Above, a utility knife made by this firm. Nice, ergonomic design, putting it ahead of its time.
Walter E. Selck & Company of Chicago made floor coverings, lino cutters, a"Versi-trowel" with interchangeable blades, and "Wesco" sink traps in Canada (they had a subsidiary in Toronto). They seem to have started out making small tools such as the one pictured in the 1944 ad below:
|Popular Mechanics, September 1944
The patented device was designed as an efficient, water-tight sink mounting which could be installed on-the-job with relatively few parts suitable for marketing as a kit and with the aid of simple tools.
The commercial success of the plaintiff's sink mounting structure has been impressive. When introduced it met with immediate and widespread acceptance and has virtually supplanted the old methods of installing sinks on the job. Several large competitors of Walter E. Selck and Company, including the Briggs Manufacturing Company, requested and obtained licenses to manufacture the device and have paid substantial royalties. Almost six million units have been sold.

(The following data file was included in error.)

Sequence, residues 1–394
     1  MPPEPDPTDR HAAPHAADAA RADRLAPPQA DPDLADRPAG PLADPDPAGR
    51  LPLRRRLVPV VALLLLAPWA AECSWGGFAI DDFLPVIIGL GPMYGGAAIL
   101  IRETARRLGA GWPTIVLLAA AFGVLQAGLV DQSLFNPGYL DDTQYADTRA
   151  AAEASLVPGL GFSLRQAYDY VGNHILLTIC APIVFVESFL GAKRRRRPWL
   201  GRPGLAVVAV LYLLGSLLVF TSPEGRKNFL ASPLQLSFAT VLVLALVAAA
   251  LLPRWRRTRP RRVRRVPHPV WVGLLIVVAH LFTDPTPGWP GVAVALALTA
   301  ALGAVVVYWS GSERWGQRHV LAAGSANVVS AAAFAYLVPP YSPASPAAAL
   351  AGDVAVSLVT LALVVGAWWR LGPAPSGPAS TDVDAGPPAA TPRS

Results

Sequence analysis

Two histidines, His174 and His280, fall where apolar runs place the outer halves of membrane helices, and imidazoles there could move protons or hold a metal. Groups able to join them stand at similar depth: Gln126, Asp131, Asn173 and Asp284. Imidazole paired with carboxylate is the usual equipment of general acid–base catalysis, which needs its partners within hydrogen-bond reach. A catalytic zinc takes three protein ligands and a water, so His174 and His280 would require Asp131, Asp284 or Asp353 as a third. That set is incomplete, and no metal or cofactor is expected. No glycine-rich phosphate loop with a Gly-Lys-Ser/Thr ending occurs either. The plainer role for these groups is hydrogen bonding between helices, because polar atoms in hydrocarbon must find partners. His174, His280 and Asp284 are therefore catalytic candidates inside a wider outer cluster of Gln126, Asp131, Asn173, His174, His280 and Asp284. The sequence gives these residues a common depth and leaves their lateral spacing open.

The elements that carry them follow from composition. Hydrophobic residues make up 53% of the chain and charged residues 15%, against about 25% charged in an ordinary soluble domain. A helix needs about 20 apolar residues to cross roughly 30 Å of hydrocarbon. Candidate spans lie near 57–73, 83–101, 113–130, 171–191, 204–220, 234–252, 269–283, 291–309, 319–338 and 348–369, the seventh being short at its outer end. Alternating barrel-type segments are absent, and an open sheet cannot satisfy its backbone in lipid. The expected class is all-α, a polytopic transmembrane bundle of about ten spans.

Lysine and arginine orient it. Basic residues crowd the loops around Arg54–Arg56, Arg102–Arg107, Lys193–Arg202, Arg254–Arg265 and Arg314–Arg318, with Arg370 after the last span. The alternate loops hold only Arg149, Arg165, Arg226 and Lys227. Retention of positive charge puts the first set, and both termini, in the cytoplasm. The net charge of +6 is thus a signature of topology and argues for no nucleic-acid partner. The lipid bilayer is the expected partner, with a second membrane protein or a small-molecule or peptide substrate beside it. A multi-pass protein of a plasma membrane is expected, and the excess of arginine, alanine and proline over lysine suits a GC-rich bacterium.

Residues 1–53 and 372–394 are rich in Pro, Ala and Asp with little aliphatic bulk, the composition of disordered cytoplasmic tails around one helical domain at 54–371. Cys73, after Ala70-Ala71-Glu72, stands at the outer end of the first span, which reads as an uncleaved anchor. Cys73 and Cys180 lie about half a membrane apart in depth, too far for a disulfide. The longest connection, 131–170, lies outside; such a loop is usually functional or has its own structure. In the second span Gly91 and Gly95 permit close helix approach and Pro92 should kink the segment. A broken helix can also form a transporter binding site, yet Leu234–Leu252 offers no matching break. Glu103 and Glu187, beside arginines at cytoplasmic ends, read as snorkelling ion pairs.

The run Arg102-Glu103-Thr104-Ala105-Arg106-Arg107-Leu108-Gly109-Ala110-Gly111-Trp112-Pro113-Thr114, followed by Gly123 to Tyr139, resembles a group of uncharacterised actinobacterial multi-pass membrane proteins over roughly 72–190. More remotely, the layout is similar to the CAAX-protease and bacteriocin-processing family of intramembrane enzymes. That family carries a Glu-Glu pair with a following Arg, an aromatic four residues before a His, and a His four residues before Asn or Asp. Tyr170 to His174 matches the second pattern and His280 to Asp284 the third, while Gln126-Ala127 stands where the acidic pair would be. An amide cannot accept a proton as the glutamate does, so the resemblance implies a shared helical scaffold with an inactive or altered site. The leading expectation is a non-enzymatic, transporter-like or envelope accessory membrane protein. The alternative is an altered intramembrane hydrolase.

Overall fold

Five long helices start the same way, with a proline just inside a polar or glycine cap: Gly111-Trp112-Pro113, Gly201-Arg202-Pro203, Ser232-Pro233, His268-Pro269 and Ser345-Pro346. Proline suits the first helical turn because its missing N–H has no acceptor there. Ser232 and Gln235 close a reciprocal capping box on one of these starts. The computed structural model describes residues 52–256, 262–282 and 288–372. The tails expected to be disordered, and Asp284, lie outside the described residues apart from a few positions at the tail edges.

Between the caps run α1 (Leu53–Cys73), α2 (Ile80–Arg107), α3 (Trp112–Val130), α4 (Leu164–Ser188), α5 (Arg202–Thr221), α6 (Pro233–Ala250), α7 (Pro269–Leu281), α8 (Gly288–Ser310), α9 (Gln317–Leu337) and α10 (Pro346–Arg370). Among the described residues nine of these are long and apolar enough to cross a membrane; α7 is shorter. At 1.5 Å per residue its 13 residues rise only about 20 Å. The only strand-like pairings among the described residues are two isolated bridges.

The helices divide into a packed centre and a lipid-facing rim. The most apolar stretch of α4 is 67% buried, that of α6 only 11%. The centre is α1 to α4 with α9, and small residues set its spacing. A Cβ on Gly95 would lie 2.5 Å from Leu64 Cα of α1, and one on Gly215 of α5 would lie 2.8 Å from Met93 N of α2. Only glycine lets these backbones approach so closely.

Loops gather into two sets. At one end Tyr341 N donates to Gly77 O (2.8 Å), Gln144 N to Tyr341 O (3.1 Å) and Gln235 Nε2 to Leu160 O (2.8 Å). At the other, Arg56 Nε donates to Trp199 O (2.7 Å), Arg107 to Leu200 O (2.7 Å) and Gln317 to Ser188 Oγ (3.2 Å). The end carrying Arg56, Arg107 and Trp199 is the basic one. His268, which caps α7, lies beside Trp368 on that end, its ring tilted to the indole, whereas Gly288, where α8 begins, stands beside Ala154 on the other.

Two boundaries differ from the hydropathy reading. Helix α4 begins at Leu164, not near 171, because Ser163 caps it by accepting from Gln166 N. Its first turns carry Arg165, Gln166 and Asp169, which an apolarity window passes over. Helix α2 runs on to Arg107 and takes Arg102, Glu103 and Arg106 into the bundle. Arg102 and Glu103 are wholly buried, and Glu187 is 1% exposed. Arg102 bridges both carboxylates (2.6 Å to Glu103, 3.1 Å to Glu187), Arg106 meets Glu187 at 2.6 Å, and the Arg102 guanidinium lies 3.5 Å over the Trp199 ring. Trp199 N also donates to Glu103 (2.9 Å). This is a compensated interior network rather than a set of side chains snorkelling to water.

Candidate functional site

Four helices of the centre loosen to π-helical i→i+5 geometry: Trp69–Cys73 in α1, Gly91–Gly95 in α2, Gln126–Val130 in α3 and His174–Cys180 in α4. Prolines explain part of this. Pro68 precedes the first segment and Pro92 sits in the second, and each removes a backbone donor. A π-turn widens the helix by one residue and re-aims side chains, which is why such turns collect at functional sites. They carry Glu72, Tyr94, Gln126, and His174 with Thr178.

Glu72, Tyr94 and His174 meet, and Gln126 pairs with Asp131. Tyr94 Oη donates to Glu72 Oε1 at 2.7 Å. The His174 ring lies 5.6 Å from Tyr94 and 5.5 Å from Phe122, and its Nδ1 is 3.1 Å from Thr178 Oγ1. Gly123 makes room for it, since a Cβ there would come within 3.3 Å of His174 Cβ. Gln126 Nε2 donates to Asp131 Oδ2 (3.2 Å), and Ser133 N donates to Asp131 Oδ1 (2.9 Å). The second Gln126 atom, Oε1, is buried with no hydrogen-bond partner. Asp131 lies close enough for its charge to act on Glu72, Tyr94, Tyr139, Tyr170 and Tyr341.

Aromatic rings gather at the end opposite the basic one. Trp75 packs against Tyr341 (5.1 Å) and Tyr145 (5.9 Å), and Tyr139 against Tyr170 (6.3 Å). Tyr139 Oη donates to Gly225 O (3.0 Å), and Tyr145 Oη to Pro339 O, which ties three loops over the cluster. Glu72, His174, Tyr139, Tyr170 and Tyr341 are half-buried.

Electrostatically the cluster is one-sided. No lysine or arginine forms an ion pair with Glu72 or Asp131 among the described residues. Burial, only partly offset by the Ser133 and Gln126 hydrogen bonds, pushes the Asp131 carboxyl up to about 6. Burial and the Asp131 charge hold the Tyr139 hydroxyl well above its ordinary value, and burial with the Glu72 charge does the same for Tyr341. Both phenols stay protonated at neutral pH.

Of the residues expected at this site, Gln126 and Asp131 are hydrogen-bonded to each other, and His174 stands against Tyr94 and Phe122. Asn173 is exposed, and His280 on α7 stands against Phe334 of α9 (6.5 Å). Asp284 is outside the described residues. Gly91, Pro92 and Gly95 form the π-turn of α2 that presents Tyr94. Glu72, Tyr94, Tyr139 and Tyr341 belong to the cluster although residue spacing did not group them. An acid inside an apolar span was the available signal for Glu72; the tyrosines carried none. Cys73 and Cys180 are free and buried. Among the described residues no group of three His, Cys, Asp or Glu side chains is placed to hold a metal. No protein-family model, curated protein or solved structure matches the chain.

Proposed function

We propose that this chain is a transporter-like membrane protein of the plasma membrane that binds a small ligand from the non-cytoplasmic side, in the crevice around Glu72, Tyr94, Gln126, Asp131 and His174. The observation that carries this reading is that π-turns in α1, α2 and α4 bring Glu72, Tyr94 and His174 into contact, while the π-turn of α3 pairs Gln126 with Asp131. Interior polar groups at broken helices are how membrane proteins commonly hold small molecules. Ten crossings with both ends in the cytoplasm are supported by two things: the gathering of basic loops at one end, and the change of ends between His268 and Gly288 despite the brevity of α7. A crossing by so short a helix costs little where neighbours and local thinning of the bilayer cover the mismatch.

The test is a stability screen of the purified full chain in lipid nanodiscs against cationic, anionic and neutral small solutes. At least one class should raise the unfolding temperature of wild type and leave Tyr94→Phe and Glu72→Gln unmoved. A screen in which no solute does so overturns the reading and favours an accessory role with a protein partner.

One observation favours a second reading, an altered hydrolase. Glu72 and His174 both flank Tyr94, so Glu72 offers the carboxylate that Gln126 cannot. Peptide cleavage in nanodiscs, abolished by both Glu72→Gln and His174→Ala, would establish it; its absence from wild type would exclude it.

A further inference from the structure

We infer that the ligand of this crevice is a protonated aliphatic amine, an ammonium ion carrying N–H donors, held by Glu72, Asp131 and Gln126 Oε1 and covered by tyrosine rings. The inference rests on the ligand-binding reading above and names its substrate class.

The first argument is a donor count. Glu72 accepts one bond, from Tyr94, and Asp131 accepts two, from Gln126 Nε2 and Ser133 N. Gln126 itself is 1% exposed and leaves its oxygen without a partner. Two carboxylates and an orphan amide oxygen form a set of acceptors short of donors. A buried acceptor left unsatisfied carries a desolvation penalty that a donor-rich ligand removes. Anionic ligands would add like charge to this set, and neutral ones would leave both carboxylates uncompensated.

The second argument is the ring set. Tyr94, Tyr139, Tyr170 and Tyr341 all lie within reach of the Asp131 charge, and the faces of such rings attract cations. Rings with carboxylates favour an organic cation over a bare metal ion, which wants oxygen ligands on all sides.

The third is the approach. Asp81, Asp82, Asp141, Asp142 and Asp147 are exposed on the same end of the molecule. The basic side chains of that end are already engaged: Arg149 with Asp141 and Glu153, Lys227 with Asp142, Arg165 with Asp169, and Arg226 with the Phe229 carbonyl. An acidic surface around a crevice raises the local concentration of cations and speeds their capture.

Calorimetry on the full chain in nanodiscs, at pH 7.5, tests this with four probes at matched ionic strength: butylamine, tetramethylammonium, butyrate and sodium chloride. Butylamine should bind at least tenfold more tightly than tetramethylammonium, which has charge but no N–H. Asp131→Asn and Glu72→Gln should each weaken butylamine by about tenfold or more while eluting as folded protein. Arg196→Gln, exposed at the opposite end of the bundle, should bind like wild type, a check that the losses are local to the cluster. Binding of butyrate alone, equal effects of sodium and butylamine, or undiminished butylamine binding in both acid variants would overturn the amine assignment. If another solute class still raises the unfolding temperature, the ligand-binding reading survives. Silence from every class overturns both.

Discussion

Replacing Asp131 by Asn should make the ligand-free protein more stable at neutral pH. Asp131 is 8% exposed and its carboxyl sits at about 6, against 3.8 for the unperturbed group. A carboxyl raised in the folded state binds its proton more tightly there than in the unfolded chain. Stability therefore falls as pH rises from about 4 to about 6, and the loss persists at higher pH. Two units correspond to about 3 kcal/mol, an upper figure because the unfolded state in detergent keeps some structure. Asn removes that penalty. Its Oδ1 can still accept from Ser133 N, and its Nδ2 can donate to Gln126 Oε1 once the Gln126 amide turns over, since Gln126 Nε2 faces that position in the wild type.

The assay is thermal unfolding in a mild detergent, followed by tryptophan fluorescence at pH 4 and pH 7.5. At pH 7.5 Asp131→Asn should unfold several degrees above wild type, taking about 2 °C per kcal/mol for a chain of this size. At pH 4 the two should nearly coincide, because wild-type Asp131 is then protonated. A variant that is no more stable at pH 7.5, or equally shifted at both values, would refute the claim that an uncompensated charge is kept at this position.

It looks like this church is still around, and considered by some to be a cult. If so, you really have to wonder how it came to own such a profitable patent that was previously the property of a firm like Selck. This doesn't seem to be the only Selck patent that was transferred to the church, and the evidence suggests that a fellow named F. LeRoy Hill was instrumental. (He also arranged to sell the church a property in Detroit.) This man's biography includes the following:
In San Francisco, Hill had a workshop at the back of his home where he built and designed electric motors, a wireless radio, and various other mechanical devices. His friends learned at an early age of Hill’s engineering skills when he built an electric-shock machine and dared them to hold onto the conducting rods for as long as possible.
Funny guy. Anyway, the last I can find of Selck is a 1959 merger, promoted by LeRoy Hill, with another company called Vinco, Inc. I can't help but conclude that the company wasn't so much culled from the market place, as cult.